Barnacle infestations on wild mud crab, genus Scylla have been described earlier by Jeffries and Voris . But nowadays, mud crab culture have been developed to support the fisheries industry by introduced the new commercial species. Most Asian country have been success for the culturing of the mud crab i.e. Thailand, Vietnam and Philippines , but no proper treatment were taken to solve the problem especially for the infestation of parasites and ecto-symbiont of mud crab. Some study did not mention about there is no significant of the attachment of pedunculate barnacle to the mud crab [3-7]. But in this case, this pedunculate barnacle may be able to give effect to the mud crab respiratory system especially for adult mud crab. Barnacles for this present study are from order Thorarica, Suborder Lepadormorpha and genus Octolasmis spp. [1,8-11] which having peduncle and capitulum which is usually protected by calcareaous plates. Commonly this genus of pedunculate barnacle are normally found in shallow littoral or pelagic waters and widely distributed in tropical and temperate area [12,13]. Octolasmis spp are one of the special genus in Cirriped. This genus normally formed special biological characteristics for adapting the sessile life during the long term evolutionary process, affecting the breath, development and ingestion of hosts . The pedunculate cirriped, Octolasmis spp. were found to occur in large number on the gills of wild mud crab from all over the Asian country including Thailand, Singapore, Indonesia and India. From the previous study mentioned about the seasonal distribution of this pedunculate barnacle are very low in rainy season . But there is no specific data that report the side effect of this pedunculate attachment to the host. Yap and Lim  have carried out the study of adhesive secretions from the cyprid larvae of Octolasmis spp. inhibiting the gills of mud crab using α-cells. According to Lavilla-Pitogo et al. and Lavilla-Pitogo and Pena [16,17], there are some effect of barnacles infestation on the gill of mud crab in cultured condition such as this pedunculate barnacles that inhibit the respiratory chambers occupy the space on the gills normally available for oxygen and carbon dioxide exchange. This can results to the negative effects of Octolasmis spp. infestation are competition for oxygen or blockage of the gills due to accumulation of debris on colonized respiratory surfaces. There are no proper methods of prevention and controls for Octolasmis spp. are developed. Some study also report that the crabs that heavily infected with pedunculate barnacles could also be disadvantaged due to the extra weight carried as well as being less marketable [18,19]. Objectives of this study are to describe the pedunculate barnacle infestation effects on the gill structure of the wild mud crab.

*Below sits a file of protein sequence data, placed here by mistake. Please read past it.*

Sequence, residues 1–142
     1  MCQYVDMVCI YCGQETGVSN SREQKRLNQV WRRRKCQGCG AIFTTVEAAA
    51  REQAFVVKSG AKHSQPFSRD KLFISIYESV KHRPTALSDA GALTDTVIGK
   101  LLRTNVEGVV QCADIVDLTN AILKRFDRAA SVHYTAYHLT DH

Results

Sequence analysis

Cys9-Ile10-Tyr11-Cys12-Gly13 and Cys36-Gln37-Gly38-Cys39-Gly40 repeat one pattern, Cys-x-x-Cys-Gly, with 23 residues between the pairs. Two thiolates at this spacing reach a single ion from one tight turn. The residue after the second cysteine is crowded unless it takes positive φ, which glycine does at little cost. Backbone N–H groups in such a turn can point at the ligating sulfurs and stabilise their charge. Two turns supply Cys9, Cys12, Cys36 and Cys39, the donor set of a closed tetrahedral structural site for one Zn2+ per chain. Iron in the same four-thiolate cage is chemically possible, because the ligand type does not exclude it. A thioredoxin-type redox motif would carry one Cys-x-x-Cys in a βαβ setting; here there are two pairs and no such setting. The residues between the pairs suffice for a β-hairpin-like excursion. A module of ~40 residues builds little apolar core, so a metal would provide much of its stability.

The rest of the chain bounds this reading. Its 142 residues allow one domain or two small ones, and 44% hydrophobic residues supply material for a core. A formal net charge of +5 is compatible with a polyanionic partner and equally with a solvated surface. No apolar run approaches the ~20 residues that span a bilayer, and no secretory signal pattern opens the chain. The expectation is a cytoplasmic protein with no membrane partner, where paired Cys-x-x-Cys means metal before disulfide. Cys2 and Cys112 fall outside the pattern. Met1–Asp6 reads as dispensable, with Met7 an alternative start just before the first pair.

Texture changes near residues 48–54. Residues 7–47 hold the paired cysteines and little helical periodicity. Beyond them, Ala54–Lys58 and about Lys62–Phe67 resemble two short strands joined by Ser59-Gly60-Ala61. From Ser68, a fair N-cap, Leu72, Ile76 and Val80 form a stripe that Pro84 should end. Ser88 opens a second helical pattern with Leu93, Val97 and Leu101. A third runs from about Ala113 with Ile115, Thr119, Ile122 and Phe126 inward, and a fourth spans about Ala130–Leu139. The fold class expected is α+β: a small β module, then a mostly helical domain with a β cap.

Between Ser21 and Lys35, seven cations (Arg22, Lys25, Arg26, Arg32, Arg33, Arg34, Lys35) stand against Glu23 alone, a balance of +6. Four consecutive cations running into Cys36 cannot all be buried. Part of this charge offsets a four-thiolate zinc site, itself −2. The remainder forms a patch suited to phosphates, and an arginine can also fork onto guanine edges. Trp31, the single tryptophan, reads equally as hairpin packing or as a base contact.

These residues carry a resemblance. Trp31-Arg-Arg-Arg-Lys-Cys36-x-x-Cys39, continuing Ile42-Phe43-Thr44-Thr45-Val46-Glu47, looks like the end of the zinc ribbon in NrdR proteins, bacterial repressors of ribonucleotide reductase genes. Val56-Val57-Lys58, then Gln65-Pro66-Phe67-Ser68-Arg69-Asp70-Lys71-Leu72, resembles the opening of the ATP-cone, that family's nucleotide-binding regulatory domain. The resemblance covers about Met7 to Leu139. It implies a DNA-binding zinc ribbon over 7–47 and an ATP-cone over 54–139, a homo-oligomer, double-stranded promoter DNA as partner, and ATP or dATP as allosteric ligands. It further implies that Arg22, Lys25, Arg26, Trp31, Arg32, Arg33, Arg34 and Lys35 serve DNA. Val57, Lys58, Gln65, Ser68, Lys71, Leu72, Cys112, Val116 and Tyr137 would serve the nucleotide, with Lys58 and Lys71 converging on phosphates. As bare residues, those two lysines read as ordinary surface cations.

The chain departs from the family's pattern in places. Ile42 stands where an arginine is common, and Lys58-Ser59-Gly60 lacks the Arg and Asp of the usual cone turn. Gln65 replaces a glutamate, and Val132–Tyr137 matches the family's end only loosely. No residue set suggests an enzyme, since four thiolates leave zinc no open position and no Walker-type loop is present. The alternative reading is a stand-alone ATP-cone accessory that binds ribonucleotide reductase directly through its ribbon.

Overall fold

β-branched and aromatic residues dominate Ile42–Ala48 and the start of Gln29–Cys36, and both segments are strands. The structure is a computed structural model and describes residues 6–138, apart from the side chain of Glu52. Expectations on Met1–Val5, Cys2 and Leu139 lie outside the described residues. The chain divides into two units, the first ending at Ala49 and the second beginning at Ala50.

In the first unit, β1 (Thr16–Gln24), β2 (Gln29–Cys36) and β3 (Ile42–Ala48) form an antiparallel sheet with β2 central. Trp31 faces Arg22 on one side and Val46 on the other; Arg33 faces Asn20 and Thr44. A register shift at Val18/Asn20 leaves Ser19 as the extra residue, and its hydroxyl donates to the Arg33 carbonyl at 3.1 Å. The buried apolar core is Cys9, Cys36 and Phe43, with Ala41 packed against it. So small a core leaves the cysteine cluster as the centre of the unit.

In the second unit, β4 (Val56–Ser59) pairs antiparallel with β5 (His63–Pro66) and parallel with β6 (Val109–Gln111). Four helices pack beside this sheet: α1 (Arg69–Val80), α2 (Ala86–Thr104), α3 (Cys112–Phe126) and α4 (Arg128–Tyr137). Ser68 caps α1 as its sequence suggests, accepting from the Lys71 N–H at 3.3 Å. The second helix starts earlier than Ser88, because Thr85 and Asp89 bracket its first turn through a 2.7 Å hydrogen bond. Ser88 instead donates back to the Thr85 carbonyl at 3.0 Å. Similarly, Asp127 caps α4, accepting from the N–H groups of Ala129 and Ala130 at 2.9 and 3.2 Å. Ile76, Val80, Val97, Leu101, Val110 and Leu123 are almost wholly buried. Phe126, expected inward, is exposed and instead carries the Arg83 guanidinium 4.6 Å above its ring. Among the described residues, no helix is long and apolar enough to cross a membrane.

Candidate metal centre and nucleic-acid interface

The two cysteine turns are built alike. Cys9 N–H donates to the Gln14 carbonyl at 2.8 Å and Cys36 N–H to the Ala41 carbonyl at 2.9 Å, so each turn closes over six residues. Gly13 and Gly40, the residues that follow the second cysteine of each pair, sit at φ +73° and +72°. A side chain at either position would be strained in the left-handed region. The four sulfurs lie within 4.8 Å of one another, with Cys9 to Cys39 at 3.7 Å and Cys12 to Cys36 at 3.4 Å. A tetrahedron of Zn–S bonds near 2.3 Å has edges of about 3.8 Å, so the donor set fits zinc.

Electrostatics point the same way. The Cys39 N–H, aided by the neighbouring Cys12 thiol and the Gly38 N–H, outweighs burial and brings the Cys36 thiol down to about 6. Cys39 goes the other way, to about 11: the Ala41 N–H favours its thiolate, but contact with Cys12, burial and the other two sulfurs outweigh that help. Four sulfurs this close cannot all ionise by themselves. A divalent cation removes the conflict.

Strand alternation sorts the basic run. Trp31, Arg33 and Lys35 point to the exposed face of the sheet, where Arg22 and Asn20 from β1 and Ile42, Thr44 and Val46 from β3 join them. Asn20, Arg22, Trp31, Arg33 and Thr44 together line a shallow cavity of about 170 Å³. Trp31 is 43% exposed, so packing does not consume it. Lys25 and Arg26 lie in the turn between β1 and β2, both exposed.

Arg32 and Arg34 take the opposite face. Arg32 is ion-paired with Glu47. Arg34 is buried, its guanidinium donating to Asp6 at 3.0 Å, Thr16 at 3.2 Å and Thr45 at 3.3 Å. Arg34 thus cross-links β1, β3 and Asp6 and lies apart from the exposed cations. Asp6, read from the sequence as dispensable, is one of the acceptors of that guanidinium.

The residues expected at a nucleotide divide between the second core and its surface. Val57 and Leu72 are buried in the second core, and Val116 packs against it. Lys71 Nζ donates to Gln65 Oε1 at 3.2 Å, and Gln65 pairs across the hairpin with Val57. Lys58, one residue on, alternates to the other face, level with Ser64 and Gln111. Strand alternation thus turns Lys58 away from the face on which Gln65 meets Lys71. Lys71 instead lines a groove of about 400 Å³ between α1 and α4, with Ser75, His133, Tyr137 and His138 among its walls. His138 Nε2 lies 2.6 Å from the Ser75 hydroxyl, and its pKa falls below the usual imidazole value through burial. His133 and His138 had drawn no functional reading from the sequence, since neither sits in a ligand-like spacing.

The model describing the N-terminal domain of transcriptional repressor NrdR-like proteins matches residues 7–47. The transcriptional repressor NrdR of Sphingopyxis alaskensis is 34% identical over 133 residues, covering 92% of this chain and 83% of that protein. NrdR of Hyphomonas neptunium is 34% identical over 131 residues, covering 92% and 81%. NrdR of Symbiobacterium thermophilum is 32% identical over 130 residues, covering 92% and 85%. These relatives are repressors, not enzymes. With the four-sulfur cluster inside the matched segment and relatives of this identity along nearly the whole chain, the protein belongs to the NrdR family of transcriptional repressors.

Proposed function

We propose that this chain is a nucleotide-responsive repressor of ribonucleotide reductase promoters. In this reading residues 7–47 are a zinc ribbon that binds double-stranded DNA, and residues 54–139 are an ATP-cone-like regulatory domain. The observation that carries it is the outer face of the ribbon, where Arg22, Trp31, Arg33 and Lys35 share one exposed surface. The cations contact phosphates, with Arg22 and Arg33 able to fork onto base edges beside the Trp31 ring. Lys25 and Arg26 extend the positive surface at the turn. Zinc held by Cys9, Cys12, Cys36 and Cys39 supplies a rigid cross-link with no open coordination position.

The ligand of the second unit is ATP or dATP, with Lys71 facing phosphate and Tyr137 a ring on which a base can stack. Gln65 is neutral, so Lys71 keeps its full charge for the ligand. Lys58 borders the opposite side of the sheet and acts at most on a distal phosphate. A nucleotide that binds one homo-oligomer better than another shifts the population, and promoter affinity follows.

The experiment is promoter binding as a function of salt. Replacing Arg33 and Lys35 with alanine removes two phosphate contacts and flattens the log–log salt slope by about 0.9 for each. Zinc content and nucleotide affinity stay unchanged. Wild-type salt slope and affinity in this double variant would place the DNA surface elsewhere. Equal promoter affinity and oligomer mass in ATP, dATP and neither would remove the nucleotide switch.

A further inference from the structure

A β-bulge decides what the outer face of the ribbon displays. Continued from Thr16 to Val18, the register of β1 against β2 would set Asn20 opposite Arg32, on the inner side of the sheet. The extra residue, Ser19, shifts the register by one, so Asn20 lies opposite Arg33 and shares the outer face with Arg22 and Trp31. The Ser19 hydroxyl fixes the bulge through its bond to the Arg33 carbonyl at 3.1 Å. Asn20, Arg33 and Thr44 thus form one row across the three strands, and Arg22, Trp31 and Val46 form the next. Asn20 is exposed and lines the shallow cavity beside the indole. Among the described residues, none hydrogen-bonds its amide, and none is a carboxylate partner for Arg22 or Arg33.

Sixty wild mud crabs, genus Scylla were randomly sampled using crab trap or known as “binto” from Setiu Wetland (5o40’47.93”N, 102o42’45.04”E) of Terengganu coastal area, Malaysia. The crab were brought back to the Aquatic Organism Health laboratory of Institute of Tropical Aquaculture, Universiti Malaysia Terengganu and kept and maintained in aerated aquaria fill with brackish water which the salinity is same quality with natural environment (20-30ppt). The carapace width (CW) and body weight (BW) were measured by using caliper (vernier) and electronic balance (Sartorius) respectively. A total of 60 crab samples were measured and examined in this present study. The procedure of diagnosis takes about one hour for each crab sample for examined. Identification of mud crabs species were according to Keenan et al. and Keenan et al. [20,21]. Gill with attachment of barnacle were taken off from the mud crab body and fixed in 10% formalin. Tissue processing was done by using standard tissue processing for histology study and were stained using Hematoxyline and Eosin (H&E) stain. For Scanning Electron Microscope (SEM) procedures, all the samples were directly captured using fresh samples. These SEM process were follow Hitachi TM1000 Tabletop SEM.